9. Markit MCDX Index Monitor – The Markit MCDX is a measure of municipal credit default swaps.  We believe this index is a useful indicator of pressure in state and local governments.  Markit publishes index values daily on six 5-year tenor baskets including 50 reference entities each. Each basket includes a diversified pool of revenue and GO bonds from a broad array of states. We track the 14-V1.  Last week, spreads rose 1.3 bps and closed at 174 bps.

 

MONDAY MORNING RISK MONITOR: FRENCH SWAPS SHOW WIDEST NEGATIVE DIVERGENCE - MCDX

 

10. Baltic Dry Index – The Baltic Dry Index measures international shipping rates of dry bulk cargo, mostly commodities used for industrial production.  Higher demand for such goods, as manifested in higher shipping rates, indicates economic expansion.  Last week the index fell 20 points, ending the week at 2153 versus 2173 the prior week.

 

MONDAY MORNING RISK MONITOR: FRENCH SWAPS SHOW WIDEST NEGATIVE DIVERGENCE - Baltic Dry Index

 

11. 2-10 Spread – We track the 2-10 spread as an indicator of bank margin pressure.  Last week the 10-year yield fell to 2.22, pushing the 2-10 spread to 195 bps, 3 bps tighter than a week ago.   

 

MONDAY MORNING RISK MONITOR: FRENCH SWAPS SHOW WIDEST NEGATIVE DIVERGENCE - 2 10

 

12. XLF Macro Quantitative Setup – Our Macro team’s quantitative setup in the XLF shows 1.8% upside to TREND resistance and 3.7% downside to TRADE support.

 

MONDAY MORNING RISK MONITOR: FRENCH SWAPS SHOW WIDEST NEGATIVE DIVERGENCE - XLF Macro setup

 

Margin Debt Falls in August

We publish NYSE Margin Debt every month when it’s released. 

 

 NYSE Margin debt hit its post-2007 peak in April of this year at $320.7 billion. The chart below shows the S&P 500 overlaid against NYSE margin debt going back to 1997. In this chart both the S&P 500 and margin debt have been inflation adjusted (back to 1990 dollar levels), and we’re showing margin debt levels in standard deviations relative to the mean covering the period 1. While this may sound complicated, the message is really quite simple. First, when margin debt gets to 1.5 standard deviations or greater, as it did this past April, that has historically been a signal of extreme risk in the equity market - the last two times it did this the equity market lost half its value in the ensuing period. We flagged this for the first time back in May of this year.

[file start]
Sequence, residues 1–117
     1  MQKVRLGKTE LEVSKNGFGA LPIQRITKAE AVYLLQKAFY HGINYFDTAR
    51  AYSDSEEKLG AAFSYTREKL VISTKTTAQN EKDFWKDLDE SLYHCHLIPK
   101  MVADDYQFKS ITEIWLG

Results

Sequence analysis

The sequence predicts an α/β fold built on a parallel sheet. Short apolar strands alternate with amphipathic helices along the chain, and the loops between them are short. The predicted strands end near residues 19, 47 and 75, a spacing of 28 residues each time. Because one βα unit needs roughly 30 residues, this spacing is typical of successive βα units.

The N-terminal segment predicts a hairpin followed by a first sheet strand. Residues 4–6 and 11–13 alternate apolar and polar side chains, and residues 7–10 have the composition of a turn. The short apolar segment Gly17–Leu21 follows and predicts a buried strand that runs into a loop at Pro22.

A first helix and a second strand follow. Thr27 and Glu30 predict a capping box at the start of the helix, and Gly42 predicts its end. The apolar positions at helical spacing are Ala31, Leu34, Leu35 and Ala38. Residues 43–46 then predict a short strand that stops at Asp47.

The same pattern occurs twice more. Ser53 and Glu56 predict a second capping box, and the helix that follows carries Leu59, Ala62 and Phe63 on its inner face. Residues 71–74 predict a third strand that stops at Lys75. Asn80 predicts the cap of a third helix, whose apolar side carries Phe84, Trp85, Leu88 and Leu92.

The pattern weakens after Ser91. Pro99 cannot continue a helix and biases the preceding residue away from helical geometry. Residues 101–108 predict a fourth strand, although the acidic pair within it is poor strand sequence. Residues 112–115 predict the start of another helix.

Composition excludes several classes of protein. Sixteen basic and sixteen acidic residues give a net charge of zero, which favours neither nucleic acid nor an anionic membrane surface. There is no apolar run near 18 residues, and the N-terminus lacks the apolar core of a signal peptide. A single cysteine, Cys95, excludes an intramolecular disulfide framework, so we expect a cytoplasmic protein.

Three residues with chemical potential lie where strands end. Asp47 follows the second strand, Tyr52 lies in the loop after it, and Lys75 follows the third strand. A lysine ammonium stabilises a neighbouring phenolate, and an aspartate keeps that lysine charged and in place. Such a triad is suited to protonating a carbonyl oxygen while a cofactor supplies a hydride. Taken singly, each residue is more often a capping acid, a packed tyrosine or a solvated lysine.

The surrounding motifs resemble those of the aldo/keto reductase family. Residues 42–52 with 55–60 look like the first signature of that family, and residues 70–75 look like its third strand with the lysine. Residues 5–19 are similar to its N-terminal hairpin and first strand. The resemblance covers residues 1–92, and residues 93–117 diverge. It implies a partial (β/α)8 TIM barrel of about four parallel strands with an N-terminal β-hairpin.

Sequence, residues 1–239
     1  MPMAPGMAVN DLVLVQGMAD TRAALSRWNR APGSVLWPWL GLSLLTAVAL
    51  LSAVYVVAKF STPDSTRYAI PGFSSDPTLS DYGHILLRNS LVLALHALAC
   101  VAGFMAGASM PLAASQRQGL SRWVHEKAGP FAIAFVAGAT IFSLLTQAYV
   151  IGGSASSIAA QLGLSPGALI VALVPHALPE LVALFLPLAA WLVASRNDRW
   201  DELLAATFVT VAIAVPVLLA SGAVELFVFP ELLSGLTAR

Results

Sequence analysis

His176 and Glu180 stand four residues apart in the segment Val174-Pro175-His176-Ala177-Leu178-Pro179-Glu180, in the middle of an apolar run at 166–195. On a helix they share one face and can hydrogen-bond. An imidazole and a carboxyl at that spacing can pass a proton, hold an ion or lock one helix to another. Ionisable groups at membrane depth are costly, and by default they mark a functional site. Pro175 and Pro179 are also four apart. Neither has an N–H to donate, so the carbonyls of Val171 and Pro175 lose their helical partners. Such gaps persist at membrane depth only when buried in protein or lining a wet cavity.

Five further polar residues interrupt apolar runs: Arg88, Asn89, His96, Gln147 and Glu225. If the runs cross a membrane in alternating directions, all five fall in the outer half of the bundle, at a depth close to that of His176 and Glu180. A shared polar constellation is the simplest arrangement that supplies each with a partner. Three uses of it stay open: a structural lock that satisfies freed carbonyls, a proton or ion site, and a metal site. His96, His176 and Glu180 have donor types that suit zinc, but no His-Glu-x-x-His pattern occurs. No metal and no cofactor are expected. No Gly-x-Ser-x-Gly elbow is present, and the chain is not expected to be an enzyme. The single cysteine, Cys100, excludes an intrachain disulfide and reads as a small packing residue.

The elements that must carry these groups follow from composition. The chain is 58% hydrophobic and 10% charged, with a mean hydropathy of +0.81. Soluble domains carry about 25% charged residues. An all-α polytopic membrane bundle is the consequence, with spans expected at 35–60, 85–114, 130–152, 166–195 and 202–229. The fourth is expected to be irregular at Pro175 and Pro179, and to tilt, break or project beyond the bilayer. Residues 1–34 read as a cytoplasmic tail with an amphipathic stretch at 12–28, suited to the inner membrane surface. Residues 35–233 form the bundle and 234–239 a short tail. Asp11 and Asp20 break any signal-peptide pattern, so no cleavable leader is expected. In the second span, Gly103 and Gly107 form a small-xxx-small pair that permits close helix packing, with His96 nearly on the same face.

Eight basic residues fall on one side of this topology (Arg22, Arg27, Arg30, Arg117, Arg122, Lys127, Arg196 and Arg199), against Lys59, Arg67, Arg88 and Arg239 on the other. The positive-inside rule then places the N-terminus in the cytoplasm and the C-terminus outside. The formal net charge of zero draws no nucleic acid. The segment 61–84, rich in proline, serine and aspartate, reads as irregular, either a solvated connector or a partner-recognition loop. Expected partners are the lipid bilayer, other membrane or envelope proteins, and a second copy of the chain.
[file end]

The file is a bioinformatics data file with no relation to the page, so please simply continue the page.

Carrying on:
The second point is that margin debt trends tend to exhibit high degrees of autocorrelation. In other words, the last few months’ change in margin debt is the best predictor of the change we’ll see in the next few months. This is important because it means that margin debt, which has retraced back to +0.64 standard deviations as of August, still has a long way to go. We would need to see it approach -0.5 to -1.0 standard deviations before the trend reversed. We’ve dropped 230 S&P handles in getting from +1.5 standard deviations to +0.64 standard deviations. There’s plenty of room for short/intermediate term reversals within this broader secular move, but overall this setup represents a material headwind for the market.  

One limitation of this series is that it is reported on a lag.  The chart shows data through August.

 

MONDAY MORNING RISK MONITOR: FRENCH SWAPS SHOW WIDEST NEGATIVE DIVERGENCE - margin debt

 

Joshua Steiner, CFA

 

Allison Kaptur


Early Look

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Fighting the Bull

This note was originally published at 8am on October 19, 2011. INVESTOR and RISK MANAGER SUBSCRIBERS have access to the EARLY LOOK (published by 8am every trading day) and PORTFOLIO IDEAS in real-time.

“Bullfighting is the only art in which the artist is in danger of death and in which the degree of brilliance in the performance is left to the fighter's honor.”

-Ernest Hemingway

 

Keith and a few other members of our senior management team are up at the Pop Tech Conference in Camden, Maine, and as a result I’ve been handed the proverbial hockey stick on the Early Look this morning.  Given that one of the last major Republican primary debates occurred last night, I wanted to touch upon a topic that we all have an opinion or view on: politics.

 

The most noteworthy news in the Republican political arena in the last few weeks has been the startling decline of Texas Governor Rick Perry.  According to the Real Clear Politics poll aggregate, on September 13th, Perry was at 31.8% in a poll of the major candidates, while Romney was at a distant second with 19.8%.   As of yesterday, Perry’s support had declined dramatically to 12.9%.  As the public has seen more and more of Perry in televised debates, they have seemingly become less and less comfortable with his ability to be President of the United States. 

 

Last night appears to have been Perry’s best debate showing, though this largely came on the back of a more personal attack on former Massachusetts Governor Mitt Romney related to hiring illegal aliens in his home.  Specifically, Perry stated: